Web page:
A spokesman for the Department for Communities and Local Government said that ‘every region has completed their plan following full public consultation’ and that ‘the regional plans remain on track to give communities their own long-term vision, joining up regeneration plans for new jobs, homes, transport and investment’.

England gets coastal access

This week’s good news comes in the form of the Marine and Coastal Access Act, which has now received its Royal Assent, and that has the twin aims of protecting the best of our marine habitats and maritime heritage resources and of creating a continuous access zone around the coast. Greeting the latter news, Nicholas Crane, the travel writer and presenter of BBC’s ‘Coast’ programme, answered critics of coastal access by pointing out that enlightened Scotland has had such a right of access since 1973, and that there are no signs yet of the Scottish coastline being ‘trashed by millions of vandals wearing bobble hats’. He also points to the success of the coastal paths of Pembrokeshire and the Devon and Cornwall peninsula as demonstrating how long-distance walking generates responsible tourism and local employment.

The Coroners and Justice Act

Royal Assent has also just been given to the Coroners and Justice Act, complete with some vital amendments that our Fellows Lords Howarth, Redesdale and Renfrew have promoted successfully through the various stages of the bill’s passage through Parliament.

Already agreed in May this year was the establishment of the new post of National Coroner for Treasure, dedicated to adjudicating on treasure issues within the three months specified in the Treasure Act, in place of the lengthy delays that have resulted in the past from pressure of other business on the time of local coroners. Roger Bland, Head of Portable Antiquities & Treasure at the British Museum, now reports on two further changes secured at the final third reading of the bill.

‘The first is a new clause that places a duty on those who acquire objects which they believe to be Treasure, and where there is no evidence that those objects have been previously reported to the Coroner for Treasure, to make such a report. This tackles the loophole whereby there is currently an obligation on the finder to report an object to a coroner, but not any subsequent owner, and it will help greatly with our monitoring of the many objects we find on eBay that we believe should be reported as Treasure but which we can do little about. It was a pleasant surprise that the Government also decided to include a presumption that, if there is no evidence to the contrary, a find will be assumed to have been discovered after September 1997 and to have come from England and Wales, thus removing the defence that an unreported object comes from elsewhere or was found before the Treasure Act came into force.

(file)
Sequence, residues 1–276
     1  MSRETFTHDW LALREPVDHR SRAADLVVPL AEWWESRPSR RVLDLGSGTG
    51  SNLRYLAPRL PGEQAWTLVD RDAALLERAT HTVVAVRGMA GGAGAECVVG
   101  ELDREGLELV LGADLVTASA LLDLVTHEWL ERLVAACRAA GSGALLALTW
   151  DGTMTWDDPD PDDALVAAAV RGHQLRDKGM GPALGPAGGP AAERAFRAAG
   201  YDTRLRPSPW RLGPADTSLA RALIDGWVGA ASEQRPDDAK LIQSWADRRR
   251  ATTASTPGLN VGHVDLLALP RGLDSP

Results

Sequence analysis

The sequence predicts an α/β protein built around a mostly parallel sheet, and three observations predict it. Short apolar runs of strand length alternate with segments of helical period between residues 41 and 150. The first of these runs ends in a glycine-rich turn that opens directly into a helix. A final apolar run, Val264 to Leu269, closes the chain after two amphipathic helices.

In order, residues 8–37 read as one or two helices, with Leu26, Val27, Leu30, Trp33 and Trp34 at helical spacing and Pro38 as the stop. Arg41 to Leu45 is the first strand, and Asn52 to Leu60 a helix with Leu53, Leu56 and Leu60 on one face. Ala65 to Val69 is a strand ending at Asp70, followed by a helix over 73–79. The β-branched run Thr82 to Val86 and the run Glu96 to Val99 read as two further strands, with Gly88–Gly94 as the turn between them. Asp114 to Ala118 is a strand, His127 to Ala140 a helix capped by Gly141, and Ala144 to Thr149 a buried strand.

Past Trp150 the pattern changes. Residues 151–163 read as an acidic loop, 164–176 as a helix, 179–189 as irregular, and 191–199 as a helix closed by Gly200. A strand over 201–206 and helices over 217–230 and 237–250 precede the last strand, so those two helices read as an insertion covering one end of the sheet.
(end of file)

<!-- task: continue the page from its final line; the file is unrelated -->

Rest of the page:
‘Another amendment takes the form of a gloss on the Treasure Act itself, to reflect the fact that, in practice, finders actually report Treasure to Finds Liaison Officers [FLOs], rather than to the coroner, as the Treasure Act currently requires. In the third reading debate, the Minister said: “Amendments 33, 34 and 35 allow the Secretary of State to designate persons to whom reports of treasure finds or acquisitions can be made instead of the Coroner for Treasure. We will need to consult in relation to this, but it is hoped that we will be able to designate Finds Liaison Officers as designated officers to whom reports may be made. Such officers will then inform the Coroner for Treasure of the report.” This was an unexpected success, as this comes as near as we could hope towards establishing FLOs on a statutory basis.

‘The Minister went on to summarise the intentions behind all these changes: “Taking all these amendments into account, we now have a comprehensive package of reforms to the treasure investigation system. The Coroner for Treasure will form the centre of the new system, and finders and acquirers can be sure that objects that may be Treasure will be investigated thoroughly. We believe that these improvements to the system will also show the public that the cultural heritage of this country matters to us. I repeat how grateful we are for the contributions of the three noble Lords [Howarth, Redesdale and Renfrew] who spoke today.”‘